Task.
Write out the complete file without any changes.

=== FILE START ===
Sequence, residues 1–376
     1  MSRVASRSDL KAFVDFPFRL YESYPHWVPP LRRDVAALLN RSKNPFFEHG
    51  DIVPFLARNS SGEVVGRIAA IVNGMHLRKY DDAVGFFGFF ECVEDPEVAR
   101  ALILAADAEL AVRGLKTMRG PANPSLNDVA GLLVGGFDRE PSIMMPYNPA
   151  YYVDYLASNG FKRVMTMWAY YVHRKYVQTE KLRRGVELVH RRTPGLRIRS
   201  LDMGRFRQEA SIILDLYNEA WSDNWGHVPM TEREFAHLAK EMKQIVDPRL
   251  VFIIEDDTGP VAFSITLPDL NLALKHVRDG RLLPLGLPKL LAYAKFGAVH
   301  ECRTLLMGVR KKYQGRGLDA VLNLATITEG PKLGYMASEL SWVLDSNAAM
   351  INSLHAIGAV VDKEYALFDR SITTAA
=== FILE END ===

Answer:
Sequence, residues 1–376
     1  MSRVASRSDL KAFVDFPFRL YESYPHWVPP LRRDVAALLN RSKNPFFEHG
    51  DIVPFLARNS SGEVVGRIAA IVNGMHLRKY DDAVGFFGFF ECVEDPEVAR
   101  ALILAADAEL AVRGLKTMRG PANPSLNDVA GLLVGGFDRE PSIMMPYNPA
   151  YYVDYLASNG FKRVMTMWAY YVHRKYVQTE KLRRGVELVH RRTPGLRIRS
   201  LDMGRFRQEA SIILDLYNEA WSDNWGHVPM TEREFAHLAK EMKQIVDPRL
   251  VFIIEDDTGP VAFSITLPDL NLALKHVRDG RLLPLGLPKL LAYAKFGAVH
   301  ECRTLLMGVR KKYQGRGLDA VLNLATITEG PKLGYMASEL SWVLDSNAAM
   351  INSLHAIGAV VDKEYALFDR SITTAA